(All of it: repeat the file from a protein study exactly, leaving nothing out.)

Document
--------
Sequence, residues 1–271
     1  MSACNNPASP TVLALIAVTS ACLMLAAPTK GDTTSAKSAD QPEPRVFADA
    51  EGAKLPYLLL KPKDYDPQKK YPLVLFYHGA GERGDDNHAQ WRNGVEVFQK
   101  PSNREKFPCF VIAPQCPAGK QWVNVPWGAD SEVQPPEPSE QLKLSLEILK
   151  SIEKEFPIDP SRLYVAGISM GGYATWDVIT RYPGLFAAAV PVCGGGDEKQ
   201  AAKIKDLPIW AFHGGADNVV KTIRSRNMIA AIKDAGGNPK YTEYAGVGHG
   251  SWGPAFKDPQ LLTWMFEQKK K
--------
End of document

Sequence, residues 1–271
     1  MSACNNPASP TVLALIAVTS ACLMLAAPTK GDTTSAKSAD QPEPRVFADA
    51  EGAKLPYLLL KPKDYDPQKK YPLVLFYHGA GERGDDNHAQ WRNGVEVFQK
   101  PSNREKFPCF VIAPQCPAGK QWVNVPWGAD SEVQPPEPSE QLKLSLEILK
   151  SIEKEFPIDP SRLYVAGISM GGYATWDVIT RYPGLFAAAV PVCGGGDEKQ
   201  AAKIKDLPIW AFHGGADNVV KTIRSRNMIA AIKDAGGNPK YTEYAGVGHG
   251  SWGPAFKDPQ LLTWMFEQKK K